As an activity in one of our Coaching Conversation Workshops, we asked groups of participants to illustrate how they were with their company’s current coaching practice, alongside how they would like to see the coaching going in the future. One group finished quickly, but refused to pin their drawings on the wall. After much prodding, the group finally presented their flip charts to show one chart with an arrow pointing down. The second flip chart had two arrows, one pointing down and the other pointing up. After seeing the results, I couldn’t help but ponder.

“Why is it that despite the best efforts of companies to transform to coaching cultures, they are unable to fully succeed?”

“What ensures a successful coaching culture driven by “Coach Leaders”.

Two Critical Competencies of a Leader as Coach

To be a great coach, there are two critical competencies that every leader needs to possess – conducting a coaching conversation and having a coaching mindset. Companies often make themistake of focusing on only one competency, that is,  equipping their leaders with the skill to conduct a coaching conversation. The leader’s mindset on being and doing, however, remains the same. Change needs to start with the leader before it can be modeled, top down. Let’s elaborate further.

Conducting a Coaching Conversation

A coaching conversation is a dialogue between the coach and the team member, where the coach helps the team member to explore their thoughts, feelings, and beliefs. It is not a lecture, and it is not a performance review. It is an opportunity for the team member to reflect on their own experiences, to identify their strengths and weaknesses, and to develop new skills.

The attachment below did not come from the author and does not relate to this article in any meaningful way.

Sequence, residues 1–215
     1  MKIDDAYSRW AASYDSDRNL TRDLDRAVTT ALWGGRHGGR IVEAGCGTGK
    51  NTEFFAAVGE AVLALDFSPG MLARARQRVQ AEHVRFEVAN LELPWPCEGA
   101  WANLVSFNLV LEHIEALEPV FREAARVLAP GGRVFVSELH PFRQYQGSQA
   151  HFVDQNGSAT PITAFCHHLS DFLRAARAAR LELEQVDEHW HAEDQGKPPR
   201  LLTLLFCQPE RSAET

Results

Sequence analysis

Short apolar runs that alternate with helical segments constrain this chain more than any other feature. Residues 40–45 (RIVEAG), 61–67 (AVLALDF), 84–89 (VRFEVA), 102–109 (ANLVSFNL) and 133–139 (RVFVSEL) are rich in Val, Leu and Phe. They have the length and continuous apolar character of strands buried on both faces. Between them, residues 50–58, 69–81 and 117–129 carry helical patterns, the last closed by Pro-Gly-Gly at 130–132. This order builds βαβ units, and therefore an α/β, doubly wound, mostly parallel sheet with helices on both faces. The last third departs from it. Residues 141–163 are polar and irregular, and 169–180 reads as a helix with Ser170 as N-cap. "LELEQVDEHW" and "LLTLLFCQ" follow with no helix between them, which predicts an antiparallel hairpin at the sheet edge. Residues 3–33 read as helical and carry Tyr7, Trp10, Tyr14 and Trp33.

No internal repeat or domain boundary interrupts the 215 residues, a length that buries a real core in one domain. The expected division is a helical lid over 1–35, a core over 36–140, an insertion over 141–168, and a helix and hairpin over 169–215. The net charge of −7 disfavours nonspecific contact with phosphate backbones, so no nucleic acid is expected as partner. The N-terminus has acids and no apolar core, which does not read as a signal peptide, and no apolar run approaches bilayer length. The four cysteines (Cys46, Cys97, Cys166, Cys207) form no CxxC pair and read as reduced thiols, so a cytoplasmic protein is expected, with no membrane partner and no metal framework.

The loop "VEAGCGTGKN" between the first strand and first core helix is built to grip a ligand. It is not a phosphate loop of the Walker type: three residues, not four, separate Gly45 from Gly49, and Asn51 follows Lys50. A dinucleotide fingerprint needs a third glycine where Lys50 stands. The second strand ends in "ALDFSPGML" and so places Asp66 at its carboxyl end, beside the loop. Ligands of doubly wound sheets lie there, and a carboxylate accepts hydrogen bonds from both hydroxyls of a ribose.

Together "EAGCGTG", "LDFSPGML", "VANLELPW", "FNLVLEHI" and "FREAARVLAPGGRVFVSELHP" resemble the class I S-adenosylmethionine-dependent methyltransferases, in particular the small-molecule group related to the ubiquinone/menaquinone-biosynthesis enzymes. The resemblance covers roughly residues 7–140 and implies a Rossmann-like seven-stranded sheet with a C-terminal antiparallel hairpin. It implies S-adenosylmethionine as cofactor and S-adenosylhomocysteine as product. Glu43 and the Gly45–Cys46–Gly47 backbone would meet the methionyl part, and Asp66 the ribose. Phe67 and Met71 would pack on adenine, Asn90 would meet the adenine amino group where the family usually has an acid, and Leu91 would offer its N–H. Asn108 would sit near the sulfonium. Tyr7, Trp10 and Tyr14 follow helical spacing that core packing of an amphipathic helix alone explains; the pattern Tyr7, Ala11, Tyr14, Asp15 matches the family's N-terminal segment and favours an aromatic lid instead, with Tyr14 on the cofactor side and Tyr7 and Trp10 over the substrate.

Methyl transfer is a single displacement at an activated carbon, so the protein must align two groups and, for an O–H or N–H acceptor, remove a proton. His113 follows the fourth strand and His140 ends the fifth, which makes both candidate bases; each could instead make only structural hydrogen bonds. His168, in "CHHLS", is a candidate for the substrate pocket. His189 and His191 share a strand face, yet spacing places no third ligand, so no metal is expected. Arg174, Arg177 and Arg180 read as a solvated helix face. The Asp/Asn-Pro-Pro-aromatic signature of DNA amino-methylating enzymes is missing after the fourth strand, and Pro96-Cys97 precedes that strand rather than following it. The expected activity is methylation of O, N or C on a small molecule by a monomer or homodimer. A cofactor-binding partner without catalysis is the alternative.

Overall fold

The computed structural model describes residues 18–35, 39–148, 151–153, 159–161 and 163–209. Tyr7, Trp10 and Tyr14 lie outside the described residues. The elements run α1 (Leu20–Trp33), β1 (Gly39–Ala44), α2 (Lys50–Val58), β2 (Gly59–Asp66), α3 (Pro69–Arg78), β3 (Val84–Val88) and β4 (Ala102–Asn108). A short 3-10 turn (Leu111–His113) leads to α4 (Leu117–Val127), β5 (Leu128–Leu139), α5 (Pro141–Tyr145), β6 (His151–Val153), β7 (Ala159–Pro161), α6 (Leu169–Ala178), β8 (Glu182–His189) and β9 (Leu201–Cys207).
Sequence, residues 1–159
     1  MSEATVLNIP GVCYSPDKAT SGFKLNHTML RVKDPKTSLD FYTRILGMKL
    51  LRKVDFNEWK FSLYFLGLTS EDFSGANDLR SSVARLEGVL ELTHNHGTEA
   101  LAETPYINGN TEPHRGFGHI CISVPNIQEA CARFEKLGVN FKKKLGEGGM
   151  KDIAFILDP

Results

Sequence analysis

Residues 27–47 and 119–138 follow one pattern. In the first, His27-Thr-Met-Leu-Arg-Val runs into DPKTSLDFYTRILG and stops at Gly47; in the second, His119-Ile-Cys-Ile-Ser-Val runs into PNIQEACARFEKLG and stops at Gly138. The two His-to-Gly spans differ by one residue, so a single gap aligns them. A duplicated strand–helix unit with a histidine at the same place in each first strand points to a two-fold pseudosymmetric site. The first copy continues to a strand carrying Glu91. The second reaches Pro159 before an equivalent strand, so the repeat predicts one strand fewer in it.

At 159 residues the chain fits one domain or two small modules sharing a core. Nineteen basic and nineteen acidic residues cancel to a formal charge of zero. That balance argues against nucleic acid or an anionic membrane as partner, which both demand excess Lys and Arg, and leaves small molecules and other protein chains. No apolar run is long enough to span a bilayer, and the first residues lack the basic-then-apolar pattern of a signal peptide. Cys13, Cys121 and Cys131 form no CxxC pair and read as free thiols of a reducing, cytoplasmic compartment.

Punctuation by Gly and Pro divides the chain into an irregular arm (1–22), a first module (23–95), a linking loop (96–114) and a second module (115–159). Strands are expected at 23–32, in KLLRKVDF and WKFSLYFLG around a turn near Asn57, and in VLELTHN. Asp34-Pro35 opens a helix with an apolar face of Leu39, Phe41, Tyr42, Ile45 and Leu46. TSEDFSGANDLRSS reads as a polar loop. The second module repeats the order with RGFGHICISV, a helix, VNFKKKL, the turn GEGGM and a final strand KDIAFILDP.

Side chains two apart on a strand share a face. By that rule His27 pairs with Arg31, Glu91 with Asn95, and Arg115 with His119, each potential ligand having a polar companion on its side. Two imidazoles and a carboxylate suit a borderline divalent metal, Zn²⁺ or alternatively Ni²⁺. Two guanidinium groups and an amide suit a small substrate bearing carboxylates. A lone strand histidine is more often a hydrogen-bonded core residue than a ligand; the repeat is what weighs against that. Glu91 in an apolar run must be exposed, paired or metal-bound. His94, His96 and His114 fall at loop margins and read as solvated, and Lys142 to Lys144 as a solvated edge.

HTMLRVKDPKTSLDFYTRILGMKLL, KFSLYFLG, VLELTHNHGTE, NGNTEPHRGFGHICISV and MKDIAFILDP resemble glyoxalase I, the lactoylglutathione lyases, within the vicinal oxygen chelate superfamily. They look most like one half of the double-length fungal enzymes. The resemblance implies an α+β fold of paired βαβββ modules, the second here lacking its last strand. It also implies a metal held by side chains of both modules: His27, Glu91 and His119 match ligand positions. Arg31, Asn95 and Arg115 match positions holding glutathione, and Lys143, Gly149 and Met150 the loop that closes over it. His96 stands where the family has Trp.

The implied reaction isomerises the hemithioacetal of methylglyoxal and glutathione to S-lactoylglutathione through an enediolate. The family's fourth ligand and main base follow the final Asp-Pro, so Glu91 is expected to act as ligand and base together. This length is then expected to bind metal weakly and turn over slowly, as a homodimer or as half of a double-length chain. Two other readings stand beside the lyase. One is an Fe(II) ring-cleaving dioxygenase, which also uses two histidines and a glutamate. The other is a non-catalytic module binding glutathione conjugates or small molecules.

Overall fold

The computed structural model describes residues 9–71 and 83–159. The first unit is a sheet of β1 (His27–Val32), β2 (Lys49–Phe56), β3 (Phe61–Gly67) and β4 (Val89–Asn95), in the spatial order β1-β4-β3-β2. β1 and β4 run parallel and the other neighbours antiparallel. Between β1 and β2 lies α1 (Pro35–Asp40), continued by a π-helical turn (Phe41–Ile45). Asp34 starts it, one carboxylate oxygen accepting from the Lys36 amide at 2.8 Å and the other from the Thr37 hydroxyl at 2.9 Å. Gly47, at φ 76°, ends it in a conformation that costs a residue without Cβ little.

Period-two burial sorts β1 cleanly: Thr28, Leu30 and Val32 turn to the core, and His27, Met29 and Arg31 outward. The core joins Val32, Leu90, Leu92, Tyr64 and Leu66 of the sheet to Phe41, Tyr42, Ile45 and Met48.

To conduct a coaching conversation, a leader as coach needs to possess active listening skills. They need to be able to listen without interrupting, to ask open-ended questions, and to provide feedback in a non-judgmental way. They also need to be able to help their team members set achievable goals.

Having a Coaching Mindset

A coaching mindset, on the other hand, is a way of thinking that is open to new ideas and new ways of doing things. It is a mindset that is focused on learning and growth, rather than on performance and outcomes. A leader as coach with a coaching mindset is someone who is curious; who is willing to ask questions; and who is not afraid to challenge their own assumptions. They also need to be able to create a safe and supportive environment for their team members to explore their own ideas and to take risks.

Benefits of Being a Leader as Coach

Being a leader coach has many benefits for both the leader and the team members. It helps to create a culture of learning and growth. It also helps to build trust and rapport between the leader and the team members, as the coach provides support and guidance to help team members achieve their goals. Furthermore, it helps to improve communication, as team members are encouraged to share their thoughts and feelings.

This is the Coaching Culture that companies are looking for but are hard-pressed to achieve, because the focus is only on the competency of conducting a coaching conversation. The second competency of having a coaching mindset starts with the highest leaders allowing for the two arrows, that is one pointing down and the other pointing up.

Vicente “Binky” Kilayko

Vicente “Binky” Kilayko is now retired having been previously the Managing Director of Lee Hecht Harrison Phil.  As MD, Binky brought the company to become the Affiliate of the Year in 2015.  Binky is now an active member of the International Coaching Federation Phil. Chapter (ICFP) with focus on bringing coaching to the communities with social impact.

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